Liverpool journalist James Pearce has provided some details regarding the recent loan move of Ben Davies to Sheffield United.
The 26-year-old was brought to the club in January to help ease some of the pressure that the club were under following a disastrous run of injuries suffered by their central defenders, but despite getting on the bench a few times, he wasn’t able to make a single appearance for the first team.
It appears that a bolstered and recovered Liverpool defence has done little for his first-team chances, and a loan to Sheffield United has since followed. Speaking about the move on The Red Agenda podcast, Pearce revealed some of the details behind the deal and what the future holds for him:
“I know he was told at the back-end of last season, over the summer, ‘we want you to come back and do pre-season, we’re not looking to move you on’.
“But I think a lot of that was to do with, ‘well, let’s wait and see what happens with Gomez, with Van Dijk, with Matip’. There was obviously a question mark over them coming back from long injuries and whether there would be any setbacks in their rehab. I think now the three of them have proved their fitness, it just makes sense, doesn’t it, to loan Ben Davies out.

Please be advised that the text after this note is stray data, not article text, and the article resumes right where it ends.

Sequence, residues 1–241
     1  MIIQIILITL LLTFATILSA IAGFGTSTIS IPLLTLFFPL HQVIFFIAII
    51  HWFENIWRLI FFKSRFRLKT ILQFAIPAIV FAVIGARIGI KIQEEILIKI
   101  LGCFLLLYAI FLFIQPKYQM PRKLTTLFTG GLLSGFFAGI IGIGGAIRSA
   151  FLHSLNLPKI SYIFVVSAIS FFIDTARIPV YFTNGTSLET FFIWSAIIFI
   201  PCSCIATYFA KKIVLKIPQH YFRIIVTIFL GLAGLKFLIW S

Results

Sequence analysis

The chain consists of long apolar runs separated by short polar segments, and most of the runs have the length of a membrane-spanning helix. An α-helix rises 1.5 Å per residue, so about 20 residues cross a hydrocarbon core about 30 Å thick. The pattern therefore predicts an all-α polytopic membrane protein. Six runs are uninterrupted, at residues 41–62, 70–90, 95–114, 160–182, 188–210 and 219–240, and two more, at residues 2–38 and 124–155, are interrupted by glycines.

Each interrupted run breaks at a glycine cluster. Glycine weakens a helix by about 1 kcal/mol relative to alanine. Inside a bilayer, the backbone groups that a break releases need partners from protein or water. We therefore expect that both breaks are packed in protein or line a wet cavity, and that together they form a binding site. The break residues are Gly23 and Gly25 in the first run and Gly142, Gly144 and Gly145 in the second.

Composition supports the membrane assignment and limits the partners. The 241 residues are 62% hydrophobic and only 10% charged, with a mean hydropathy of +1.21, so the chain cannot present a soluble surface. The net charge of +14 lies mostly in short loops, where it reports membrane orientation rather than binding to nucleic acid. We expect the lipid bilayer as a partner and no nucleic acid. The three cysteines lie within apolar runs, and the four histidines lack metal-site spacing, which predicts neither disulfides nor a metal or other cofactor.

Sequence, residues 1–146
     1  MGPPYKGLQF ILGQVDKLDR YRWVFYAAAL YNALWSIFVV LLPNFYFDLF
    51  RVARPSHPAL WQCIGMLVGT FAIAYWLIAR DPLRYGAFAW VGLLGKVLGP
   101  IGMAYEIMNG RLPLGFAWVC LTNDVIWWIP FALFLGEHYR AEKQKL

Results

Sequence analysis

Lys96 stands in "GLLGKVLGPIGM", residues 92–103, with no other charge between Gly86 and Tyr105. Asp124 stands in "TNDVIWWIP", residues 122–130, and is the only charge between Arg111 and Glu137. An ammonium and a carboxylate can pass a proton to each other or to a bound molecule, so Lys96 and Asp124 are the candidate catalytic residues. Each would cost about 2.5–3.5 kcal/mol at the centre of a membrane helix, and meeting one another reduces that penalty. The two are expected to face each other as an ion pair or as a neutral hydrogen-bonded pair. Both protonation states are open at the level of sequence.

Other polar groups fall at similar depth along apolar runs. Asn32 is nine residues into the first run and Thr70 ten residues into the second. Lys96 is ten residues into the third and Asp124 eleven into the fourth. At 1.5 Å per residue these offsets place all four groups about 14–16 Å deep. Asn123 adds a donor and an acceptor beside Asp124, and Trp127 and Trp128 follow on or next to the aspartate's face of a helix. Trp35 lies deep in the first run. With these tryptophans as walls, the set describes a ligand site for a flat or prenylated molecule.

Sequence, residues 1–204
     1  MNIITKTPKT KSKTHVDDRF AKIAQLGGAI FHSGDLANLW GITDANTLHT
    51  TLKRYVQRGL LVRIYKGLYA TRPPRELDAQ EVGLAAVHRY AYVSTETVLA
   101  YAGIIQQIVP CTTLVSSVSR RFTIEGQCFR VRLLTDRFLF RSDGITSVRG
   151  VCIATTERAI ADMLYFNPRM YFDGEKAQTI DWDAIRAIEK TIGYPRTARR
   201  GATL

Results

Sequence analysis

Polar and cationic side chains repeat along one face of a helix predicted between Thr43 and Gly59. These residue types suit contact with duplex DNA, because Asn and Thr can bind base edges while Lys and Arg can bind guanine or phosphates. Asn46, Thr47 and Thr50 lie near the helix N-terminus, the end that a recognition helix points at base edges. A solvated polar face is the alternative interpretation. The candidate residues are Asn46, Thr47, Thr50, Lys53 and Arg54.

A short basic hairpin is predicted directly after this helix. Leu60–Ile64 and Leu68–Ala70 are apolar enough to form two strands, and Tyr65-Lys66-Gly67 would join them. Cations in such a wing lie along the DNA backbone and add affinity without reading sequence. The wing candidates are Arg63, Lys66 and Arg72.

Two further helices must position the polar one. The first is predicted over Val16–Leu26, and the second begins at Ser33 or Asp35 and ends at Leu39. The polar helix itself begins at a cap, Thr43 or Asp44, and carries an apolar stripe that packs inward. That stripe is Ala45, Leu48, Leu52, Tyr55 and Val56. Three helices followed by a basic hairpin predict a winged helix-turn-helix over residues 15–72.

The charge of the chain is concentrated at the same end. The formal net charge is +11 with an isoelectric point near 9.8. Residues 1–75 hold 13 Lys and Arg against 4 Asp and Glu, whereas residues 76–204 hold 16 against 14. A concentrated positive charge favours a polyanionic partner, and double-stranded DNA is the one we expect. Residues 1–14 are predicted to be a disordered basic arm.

“There’s no option to buy for Sheffield United, I think that wouldn’t have made sense for Liverpool. They’ll think that if he goes and plays week-in, week-out and helps Sheffield United win promotion back to the Premier League, then his value will increase significantly. I think it just makes sense.”
TIF Thoughts on James Pearce’s comments about Ben Davies…
Will Ben Davies be a success at Liverpool?
This does come across as a smart move for Liverpool to make when it comes to the next few years for Davies, because only sending him on loan with no option to buy gives them a lot more flexibility.
If he does manage to play well, then rather than have him fixed to just one club next season that will have the opportunity to buy him, they can offer him out to pretty much any club they want to. That could be on loan, or they might decide to do it permanently if they think that they can make some decent money off of someone who is, realistically, a fifth or sixth-choice central defender at this point.
Meanwhile, if he doesn’t impress, and his value doesn’t increase significantly, then they still have a few years to try and make something work by sending him out on loan again to another club. But when you consider they only paid £1.6m for him, then they haven’t exactly put the club into financial strife because of it, so it’s not a big deal if he doesn’t develop into a decent player for them.